Tag: retail

Source: Supermarket & Retailer 

The “latest month” (5 weeks ending 3 April 2022) shows sales of R53-billion representing a 10.1% month increase versus the same period last year.

This data emanates from NielsenIQ’s Market Track the largest retail (grocery) data source in the country and the only currency used by all South Africa’s major retailers.

This benchmark data comprises more than 10 000 branded retail outlets (e.g. supermarkets and garage forecourts) and more than 143 000 independent stores (e.g. spazas and taverns) across South Africa’s nine provinces and measures more than 80% of all retail grocery transactions.

Private label pounces

Total Private Label (retailer own brands) sales are now bigger than the two largest manufacturers in South Africa. This is borne out by NielsenIQ analysis which shows that the private label sector now commands 15% of all grocery sales in South Africa.

This equates to R77-billion in annual sales (12-months to 3 April 2022) and saw 8.6% growth in March 2022.

Inflation nation

Rising inflation has become a hallmark of the COVID-19 era and has been exacerbated by the ‘perfect’ storm of the war in Ukraine and most recently the floods in KwaZulu-Natal – a key South African manufacturing and logistics hub.

Annual consumer price inflation rose to 5.9% in March – from 5.7% in February – placing it just below the upper limit (6%) of the South African Reserve Bank’s monetary policy target range.

Transport, housing and utilities and food and non-alcoholic beverages were the most significant contributors, with transport contributing 2.1 percentage points to the annual rate. Fuel prices rose by an eye-watering 33.2% in the twelve months to March with petrol prices climbing by 32.6% and diesel by 35.1%.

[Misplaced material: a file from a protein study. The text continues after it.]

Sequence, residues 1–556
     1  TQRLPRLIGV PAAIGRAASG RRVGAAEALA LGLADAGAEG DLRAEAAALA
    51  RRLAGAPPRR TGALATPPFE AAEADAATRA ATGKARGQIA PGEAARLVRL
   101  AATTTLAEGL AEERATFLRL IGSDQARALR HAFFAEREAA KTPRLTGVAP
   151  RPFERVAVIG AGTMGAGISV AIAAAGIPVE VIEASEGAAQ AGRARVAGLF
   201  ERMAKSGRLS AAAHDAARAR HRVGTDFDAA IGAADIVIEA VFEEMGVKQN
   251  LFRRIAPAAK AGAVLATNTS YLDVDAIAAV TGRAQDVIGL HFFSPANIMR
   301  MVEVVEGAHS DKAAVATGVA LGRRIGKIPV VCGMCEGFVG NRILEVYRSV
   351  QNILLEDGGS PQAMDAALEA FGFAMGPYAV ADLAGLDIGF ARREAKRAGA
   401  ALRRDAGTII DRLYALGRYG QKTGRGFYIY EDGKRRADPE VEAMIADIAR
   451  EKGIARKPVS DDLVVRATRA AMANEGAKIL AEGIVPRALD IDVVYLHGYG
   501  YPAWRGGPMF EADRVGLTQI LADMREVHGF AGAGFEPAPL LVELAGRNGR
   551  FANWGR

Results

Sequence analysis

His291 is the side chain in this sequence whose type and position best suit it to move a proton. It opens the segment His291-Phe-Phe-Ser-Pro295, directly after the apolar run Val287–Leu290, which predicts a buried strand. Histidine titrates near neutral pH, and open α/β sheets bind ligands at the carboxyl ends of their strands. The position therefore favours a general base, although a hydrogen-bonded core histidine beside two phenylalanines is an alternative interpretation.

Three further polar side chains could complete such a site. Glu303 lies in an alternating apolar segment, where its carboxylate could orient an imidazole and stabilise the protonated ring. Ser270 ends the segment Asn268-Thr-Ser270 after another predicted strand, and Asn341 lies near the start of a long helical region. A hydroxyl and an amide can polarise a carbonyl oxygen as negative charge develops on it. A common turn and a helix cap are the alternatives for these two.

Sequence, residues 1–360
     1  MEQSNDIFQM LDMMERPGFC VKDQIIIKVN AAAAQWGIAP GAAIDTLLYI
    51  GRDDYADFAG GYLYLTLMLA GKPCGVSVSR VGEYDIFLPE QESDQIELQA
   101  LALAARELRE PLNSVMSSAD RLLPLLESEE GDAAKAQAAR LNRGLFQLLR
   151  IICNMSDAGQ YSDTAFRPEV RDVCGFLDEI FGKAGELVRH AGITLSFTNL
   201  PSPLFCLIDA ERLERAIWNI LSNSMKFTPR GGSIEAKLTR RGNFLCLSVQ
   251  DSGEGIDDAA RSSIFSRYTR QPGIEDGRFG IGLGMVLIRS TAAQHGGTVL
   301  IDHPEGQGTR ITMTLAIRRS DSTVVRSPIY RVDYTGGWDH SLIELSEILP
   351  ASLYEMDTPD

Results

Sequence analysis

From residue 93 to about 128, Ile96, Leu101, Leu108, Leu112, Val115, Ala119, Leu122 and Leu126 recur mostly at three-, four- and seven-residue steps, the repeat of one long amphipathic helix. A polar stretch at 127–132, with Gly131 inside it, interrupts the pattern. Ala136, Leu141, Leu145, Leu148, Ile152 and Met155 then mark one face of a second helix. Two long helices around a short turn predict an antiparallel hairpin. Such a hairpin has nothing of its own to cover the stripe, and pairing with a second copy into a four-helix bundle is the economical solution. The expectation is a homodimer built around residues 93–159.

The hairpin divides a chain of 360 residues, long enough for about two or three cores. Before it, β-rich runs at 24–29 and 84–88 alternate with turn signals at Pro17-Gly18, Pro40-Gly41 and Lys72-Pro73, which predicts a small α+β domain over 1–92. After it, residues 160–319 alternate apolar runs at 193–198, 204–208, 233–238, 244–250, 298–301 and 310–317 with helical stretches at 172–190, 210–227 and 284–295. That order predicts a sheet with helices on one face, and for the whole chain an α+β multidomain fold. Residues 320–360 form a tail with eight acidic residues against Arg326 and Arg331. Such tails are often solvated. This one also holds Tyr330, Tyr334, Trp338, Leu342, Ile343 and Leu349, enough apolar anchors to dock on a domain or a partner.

Cooking oil prices on a slippery slope

Indonesia’s decision to suspend palm oil exports in the face of domestic shortages has pushed vegetable oil prices to new highs. The prices of palm, soybean, European rapeseed and even its Canadian GMO counterpart, canola oil, have also reached historic highs.

“Given that vegetable oil is a raw ingredient in a wide range of products, varying from prepared meals to personal care, we are likely to see a negative knock-on effect of rising oil input costs,” says Nooy.

NielsenIQ data shows that South African cooking oil sales figures have unsurprisingly experienced a massive increase of 21% over the last year (52% during the past month). It has also experienced the highest price increases amongst the top 20 products measured in its data panel.

As a result, the rate of price inflation on cooking oil is currently double that of the next category.

In addition, an in-store average shelf price check by NielsenIQ revealed that the average price of cooking oil was R42.76 per litre the week before the war in Ukraine started (20 Feb) and is now R54.70 per litre (vs the latest week 1 May) which represents an increase of R11.94 per litre.

Top products

Beer is South Africa’s number one FMCG product category in terms of sales and has experienced significant growth over the last 12 months, while soft drinks are down from the number one position, having experienced 8% annual growth and 12% in the last month.